Homoeopathy which was introduced in India approximately two centuries ago, is an important component of India’s pluralistic health care system. The Government of India has made sustained efforts for growth and development of Homoeopathy and other traditional systems of medicine including Ayurveda, Yoga, Naturopathy, Unani, Siddha and Sowa Rigpa. (collectively identified by the acronym AYUSH). Due to the sustained efforts of the government, an institutional framework of Homoeopathy has been established at the Centre as well as in all the states. There exists a highly commendable infrastructure in the form of 195 undergraduate and 43 post graduate homeopathic medical colleges with regulatory mechanism for quality university education, autonomous research council with 22 institutes and units; 2,83,840 registered homoeopathic practitioners; drug safety regulations with 403 drug manufacturing units.
AYUSH services are included in the health care delivery system of the country at all levels of primary, secondary and tertiary health care. The Government of India has a number of programmes and initiatives for promotion of AYUSH systems and an increase in health care coverage in the country. The regulations ensure that quality of care is maintained and medical pluralism permits patients to opt for treatment of their choice.
Healthcare services in Homoeopathy are provided by 235 hospitals and 8117 dispensaries run by state governments and municipal bodies, Central Government Health Scheme, labour ministry and railway ministry. The Government of India launched the National Rural Health Mission (NRHM), to carry out necessary architectural correction in the basic health care delivery system in the country. A strategy in the NRHM is to mainstream the Indian systems of medicine and Homoeopathy to facilitate health care through these systems. Under NRHM, AYUSH facilities have been co-located in 512 district hospitals, 2739 community health centres and 9112 primary health centres in 2015. “AYUSH Wellness Centre” has recently been inaugurated by Hon’ble President of India, Shri Pranab Mukherjee on 25th July 2015 at the President’s Estate, New Delhi.
Since the last two decades there is a consistent focus to enhance quality of services, with initiatives to upgrade education, research and drug development and escalate health care delivery for which many initiatives have been taken up by the Government of India. These can be seen at http://ayush.gov.in/.
History of Homoeopathy in India
Homoeopathy was introduced in India when some German missionaries and physicians started distributing homoeopathic medicines amongst local inhabitants. However, Homoeopathy took roots in India in 1839 when Dr. John Martin Honigberger successfully treated Maharaja Ranjit Singh for the paralysis of Vocal Cords. Dr. Honigberger settled in Kolkata (the then Calcutta) and became popular as Cholera-doctor. Later, Dr. M.L. Sirkar, a reputed Physician of his time, also started practicing Homoeopathy. He edited the first Homoeopathic Journal ‘Calcutta Journal of Medicine' in the year 1868. In 1881, many renowned physicians including Dr. P.C. Mujumdar and Dr. D. N. Roy established first Homoeopathic College - the ‘ Calcutta Homoeopathic Medical College'. Dr. Lahiri, Dr. B. K. Sarkar and many others made personal efforts in establishing Homoeopathy as a profession. They are well known for their contribution to the growth of Homoeopathy not only in West Bengal but also in the whole country.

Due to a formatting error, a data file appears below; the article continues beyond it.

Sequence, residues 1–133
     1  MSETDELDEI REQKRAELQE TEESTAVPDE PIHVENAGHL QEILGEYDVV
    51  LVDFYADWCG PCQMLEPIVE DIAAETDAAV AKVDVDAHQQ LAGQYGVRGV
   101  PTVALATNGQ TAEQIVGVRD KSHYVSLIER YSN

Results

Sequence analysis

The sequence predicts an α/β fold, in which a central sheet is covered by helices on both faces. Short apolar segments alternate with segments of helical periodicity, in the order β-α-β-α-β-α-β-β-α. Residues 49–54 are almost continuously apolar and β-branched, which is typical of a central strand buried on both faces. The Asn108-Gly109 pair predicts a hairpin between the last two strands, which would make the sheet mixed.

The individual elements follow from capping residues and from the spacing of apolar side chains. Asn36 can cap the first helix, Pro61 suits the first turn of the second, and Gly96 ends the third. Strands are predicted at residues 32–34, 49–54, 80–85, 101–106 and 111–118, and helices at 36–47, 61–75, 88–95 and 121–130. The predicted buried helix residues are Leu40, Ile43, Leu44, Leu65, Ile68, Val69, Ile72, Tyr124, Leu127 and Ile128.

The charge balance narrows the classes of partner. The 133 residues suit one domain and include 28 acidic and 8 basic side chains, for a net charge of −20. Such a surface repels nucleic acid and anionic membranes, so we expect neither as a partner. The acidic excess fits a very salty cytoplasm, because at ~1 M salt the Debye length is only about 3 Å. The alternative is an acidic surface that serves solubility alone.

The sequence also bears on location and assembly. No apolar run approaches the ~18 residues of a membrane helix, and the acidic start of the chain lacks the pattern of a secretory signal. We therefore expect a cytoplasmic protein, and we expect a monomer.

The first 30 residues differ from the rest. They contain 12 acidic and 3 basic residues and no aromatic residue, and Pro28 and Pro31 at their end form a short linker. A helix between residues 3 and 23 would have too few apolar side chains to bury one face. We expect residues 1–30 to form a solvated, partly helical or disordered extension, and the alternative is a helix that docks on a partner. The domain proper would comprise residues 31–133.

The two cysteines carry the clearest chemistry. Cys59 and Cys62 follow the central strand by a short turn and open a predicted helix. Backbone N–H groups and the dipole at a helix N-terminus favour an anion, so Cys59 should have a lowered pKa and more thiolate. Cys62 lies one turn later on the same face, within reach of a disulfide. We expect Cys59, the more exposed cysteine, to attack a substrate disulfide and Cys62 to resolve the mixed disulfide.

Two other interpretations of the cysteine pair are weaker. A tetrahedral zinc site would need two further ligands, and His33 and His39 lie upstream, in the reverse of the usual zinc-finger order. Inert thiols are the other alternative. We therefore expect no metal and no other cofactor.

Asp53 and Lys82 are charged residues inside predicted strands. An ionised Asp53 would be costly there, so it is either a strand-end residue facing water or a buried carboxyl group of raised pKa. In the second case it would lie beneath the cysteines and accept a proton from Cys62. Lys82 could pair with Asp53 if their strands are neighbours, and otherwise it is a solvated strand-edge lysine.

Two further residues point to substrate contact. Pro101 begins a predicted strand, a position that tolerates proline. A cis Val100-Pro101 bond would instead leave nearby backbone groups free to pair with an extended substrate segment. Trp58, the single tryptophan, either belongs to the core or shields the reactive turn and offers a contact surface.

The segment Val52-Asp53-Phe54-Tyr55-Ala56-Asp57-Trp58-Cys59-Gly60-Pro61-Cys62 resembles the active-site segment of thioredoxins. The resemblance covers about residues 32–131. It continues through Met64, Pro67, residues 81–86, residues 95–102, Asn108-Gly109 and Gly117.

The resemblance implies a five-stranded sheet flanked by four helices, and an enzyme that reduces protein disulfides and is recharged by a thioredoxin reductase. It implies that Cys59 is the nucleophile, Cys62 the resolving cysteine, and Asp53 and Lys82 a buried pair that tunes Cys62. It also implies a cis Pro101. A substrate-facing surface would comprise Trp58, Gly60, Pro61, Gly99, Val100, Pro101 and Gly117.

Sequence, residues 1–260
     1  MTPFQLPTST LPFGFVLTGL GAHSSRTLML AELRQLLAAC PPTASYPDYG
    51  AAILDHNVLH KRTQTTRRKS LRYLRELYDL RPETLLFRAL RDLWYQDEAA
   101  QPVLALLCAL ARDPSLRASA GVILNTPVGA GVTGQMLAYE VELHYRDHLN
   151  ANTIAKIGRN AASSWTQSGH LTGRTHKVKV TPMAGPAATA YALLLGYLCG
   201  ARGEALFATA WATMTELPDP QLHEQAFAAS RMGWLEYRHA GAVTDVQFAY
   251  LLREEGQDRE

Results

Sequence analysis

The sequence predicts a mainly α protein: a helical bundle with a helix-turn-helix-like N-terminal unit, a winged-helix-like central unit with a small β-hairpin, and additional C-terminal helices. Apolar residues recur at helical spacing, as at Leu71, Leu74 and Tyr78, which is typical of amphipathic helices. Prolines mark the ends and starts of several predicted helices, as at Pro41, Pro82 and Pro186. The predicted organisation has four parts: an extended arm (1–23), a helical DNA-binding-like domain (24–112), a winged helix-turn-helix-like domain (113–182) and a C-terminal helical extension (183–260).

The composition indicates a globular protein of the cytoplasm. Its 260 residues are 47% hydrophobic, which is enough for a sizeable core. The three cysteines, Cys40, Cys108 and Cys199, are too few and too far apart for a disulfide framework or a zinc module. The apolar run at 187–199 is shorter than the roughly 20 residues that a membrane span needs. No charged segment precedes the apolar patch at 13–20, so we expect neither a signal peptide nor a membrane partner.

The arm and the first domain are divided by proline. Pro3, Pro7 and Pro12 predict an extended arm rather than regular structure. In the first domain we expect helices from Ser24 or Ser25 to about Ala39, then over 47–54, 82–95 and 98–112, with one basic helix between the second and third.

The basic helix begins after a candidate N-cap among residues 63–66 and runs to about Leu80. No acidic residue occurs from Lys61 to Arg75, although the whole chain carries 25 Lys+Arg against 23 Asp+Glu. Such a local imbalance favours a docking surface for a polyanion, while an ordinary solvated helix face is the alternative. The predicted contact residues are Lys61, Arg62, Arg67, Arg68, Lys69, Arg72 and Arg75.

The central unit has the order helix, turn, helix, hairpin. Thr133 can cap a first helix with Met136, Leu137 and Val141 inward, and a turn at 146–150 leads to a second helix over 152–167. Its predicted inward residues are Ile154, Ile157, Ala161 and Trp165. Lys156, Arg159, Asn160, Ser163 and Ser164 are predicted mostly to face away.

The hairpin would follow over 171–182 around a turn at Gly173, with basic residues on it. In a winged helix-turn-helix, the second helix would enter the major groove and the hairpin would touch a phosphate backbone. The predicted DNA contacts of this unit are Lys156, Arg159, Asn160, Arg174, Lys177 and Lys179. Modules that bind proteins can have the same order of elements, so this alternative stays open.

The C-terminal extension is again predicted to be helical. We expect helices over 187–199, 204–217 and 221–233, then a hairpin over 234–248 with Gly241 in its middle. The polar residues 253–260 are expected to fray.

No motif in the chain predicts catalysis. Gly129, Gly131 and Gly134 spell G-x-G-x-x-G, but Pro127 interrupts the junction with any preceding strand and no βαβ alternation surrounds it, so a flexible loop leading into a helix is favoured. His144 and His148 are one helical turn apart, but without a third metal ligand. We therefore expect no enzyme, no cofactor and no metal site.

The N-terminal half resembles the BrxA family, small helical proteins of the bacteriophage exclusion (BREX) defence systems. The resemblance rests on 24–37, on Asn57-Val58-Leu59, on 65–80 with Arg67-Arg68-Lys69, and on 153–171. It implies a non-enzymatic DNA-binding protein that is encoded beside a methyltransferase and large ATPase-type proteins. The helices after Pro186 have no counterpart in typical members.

Over the years, the number of amateur homoeopathic practitioners grew steadily and most of them approached the Government to accord recognition to Homoeopathy. The turning point came in 1937 when the Central Legislative Assembly resolved, “That this Assembly recommends to the Governor General in Council that he may be pleased to introduce Homoeopathic treatment in government hospitals and give homoeopathic colleges in India the same status and recognition as in the case of allopathic colleges”. Later, in the year 1948, the same Assembly adopted yet another resolution about Homoeopathy, which was followed by constitution of the Homoeopathic Enquiry Committee. In 1949, this Enquiry Committee submitted its report recommending that Central Homoeopathic Council be constituted. In 1952, a Homoeopathic Adhoc Committee (later re-christened as ‘Homoeopathic Advisory Committee' in 1954) was constituted, which was to advise the Government on all matters related to Homoeopathy, namely homoeopathic education, homoeopathic research, regulation of practice, pharmacopoeia, rural medical aid, drug manufacture, family planning, financial aid to homoeopathic colleges, dispensaries, hospitals and cooperation with International Homoeopathic Medical League. In 1973, the Parliament passed the Homoeopathy Central Council Act for regulating homoeopathic education and practice in the country.